Nonetheless, it gets much more abstract that this–life and markets are never what they first seem. In fact, you may look at a terrible and inconsistent strategy by conventional metrics such as the Sharpe Ratio, or Profit Factor and mistakenly conclude that it is worth discarding. To the extent that the trading system has a predictable cycle or a high correlation between trade batches, you may be able to devise an extremely profitable system just from trading the equity curve of this “crappy” system. Even stranger is that you can combine two “crappy” systems using various co-efficients to create a very good system without having to trade the equity curves. Anything is possible, after all any given stock or instrument is just an equity curve itself–all of our attempts to use indicators to trade a stock is a means of manipulating or taking a derivation of that equity curve. Taking the same derivative approach to systems has the exact same effect. What is key to being successful here is that there must be some form of correlation that produces a systematic effect–otherwise we will face the same situation as with the roulette wheel where we are feverishly executing money management strategies in the hopes of taking advantage of random effects.

4 Comments leave one →
  1. Jeff P permalink
    June 11, 2010 4:18 am

    Most Excellent.

  2. June 11, 2010 11:42 am

    Always enjoy your blog and often find your ideas are correlated to my own but sometimes too I admit I’m not really sure what you are stating.

    1. Money management can never produce an edge. As you implied, martingale strategies merely shift the balance to having many small winners more often at the risk (inevitable consequence) of a huge loser. The only instrument I can even imagine martingale being applied to would be Forex because of the fractional scaling but as you elude see next point.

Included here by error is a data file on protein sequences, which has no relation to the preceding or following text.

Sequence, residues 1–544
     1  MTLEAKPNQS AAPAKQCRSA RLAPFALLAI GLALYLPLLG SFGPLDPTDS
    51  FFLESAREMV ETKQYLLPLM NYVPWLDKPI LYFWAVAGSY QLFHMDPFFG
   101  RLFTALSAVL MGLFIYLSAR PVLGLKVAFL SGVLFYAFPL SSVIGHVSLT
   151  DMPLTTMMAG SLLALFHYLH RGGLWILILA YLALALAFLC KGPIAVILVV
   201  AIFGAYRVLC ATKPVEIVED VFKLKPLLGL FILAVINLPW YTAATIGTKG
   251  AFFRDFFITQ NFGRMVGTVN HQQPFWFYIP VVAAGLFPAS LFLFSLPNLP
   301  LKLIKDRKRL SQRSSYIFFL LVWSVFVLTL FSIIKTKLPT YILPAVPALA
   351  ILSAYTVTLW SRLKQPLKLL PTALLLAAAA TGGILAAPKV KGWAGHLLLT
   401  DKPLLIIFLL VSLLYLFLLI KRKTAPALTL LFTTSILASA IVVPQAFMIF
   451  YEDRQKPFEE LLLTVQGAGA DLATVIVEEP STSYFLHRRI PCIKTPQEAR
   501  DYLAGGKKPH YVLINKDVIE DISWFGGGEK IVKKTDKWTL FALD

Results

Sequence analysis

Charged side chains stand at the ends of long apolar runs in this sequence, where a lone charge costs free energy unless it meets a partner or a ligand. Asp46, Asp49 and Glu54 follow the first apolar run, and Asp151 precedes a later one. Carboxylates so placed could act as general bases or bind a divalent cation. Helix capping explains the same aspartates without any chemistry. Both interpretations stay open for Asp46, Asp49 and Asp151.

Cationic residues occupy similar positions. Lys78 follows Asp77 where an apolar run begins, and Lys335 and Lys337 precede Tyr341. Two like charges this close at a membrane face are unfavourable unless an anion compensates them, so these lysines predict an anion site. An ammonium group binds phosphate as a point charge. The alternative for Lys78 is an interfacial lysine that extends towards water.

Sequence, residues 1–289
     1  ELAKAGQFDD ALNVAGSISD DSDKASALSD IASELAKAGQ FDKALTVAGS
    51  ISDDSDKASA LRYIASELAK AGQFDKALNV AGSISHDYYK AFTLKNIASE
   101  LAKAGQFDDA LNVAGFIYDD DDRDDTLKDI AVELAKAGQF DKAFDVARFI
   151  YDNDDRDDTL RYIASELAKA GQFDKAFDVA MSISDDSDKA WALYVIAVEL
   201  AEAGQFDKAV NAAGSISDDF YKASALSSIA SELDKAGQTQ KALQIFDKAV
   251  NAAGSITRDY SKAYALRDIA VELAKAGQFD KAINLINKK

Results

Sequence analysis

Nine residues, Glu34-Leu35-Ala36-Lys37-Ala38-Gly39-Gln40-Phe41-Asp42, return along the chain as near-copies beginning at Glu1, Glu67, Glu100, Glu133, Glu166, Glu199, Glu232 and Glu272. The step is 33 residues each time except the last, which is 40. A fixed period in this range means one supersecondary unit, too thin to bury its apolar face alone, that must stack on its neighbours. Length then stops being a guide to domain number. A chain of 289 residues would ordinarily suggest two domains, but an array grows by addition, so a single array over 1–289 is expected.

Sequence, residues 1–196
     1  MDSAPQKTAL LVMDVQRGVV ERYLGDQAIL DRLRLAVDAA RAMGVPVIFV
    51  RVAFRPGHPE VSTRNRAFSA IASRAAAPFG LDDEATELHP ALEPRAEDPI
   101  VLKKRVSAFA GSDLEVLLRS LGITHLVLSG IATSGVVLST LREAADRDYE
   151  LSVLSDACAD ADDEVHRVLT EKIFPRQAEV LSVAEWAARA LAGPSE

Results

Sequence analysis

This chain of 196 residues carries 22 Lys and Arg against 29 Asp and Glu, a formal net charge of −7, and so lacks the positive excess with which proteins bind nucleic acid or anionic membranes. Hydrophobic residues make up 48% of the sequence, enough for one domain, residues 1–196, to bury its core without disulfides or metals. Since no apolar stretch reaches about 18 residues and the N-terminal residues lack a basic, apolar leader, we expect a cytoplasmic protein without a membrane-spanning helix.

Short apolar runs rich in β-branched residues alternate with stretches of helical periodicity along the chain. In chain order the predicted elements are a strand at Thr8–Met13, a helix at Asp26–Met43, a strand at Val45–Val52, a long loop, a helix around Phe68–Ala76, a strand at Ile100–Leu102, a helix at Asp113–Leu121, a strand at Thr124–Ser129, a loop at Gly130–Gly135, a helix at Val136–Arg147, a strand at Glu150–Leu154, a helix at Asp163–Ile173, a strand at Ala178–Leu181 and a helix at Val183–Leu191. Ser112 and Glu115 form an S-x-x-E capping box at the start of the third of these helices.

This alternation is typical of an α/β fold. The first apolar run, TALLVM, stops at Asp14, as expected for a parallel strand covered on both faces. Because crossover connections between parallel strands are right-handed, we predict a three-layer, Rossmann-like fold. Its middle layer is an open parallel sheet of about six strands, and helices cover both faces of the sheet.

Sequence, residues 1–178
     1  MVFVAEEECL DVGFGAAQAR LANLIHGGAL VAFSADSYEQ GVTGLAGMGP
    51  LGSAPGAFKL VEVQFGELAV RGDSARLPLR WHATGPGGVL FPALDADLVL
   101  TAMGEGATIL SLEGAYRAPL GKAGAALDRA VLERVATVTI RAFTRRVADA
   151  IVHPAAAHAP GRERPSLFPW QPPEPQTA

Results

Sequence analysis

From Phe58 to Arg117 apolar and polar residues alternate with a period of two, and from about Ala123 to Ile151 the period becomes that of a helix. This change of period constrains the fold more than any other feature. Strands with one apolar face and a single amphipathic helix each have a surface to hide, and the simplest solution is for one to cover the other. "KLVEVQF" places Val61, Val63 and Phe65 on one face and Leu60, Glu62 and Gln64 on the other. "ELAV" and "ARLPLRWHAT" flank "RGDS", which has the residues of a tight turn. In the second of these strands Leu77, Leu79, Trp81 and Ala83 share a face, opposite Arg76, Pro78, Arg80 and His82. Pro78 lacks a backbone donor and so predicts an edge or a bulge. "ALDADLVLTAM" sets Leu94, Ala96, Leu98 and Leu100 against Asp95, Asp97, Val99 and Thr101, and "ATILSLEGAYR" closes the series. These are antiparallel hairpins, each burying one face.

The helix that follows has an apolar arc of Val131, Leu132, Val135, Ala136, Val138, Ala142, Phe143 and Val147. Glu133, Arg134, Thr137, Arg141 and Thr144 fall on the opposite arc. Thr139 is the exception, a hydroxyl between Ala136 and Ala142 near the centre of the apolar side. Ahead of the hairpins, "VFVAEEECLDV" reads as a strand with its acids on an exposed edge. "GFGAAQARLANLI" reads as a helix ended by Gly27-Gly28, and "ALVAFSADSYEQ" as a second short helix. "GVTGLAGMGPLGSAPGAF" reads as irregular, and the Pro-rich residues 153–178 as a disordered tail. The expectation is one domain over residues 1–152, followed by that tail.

2. Yes, if a system has auto-correlation then one can “trade the equity curve” or try to avoid losers. Many mean reversion systems will display auto correlation — especially of losing trades — because of trending. Mean reversion systems do not derive edge from buying weakness but from buying strength on the rebound.

    3. This goes back to trying to derive the regime of the market. Obviously if one knows the regime then one can trade accordingly but the variables that influence regime do not appear likely to be found within single market TA. I can guarantee from my ability to predict certain markets that much of this can not be found within any type data driven price analysis.

  3. June 11, 2010 1:46 pm

    Brilliant! Thank you for sharing.

  4. Emil permalink
    June 27, 2010 6:58 am

    Intriguing, would it be possible for you to show us an example?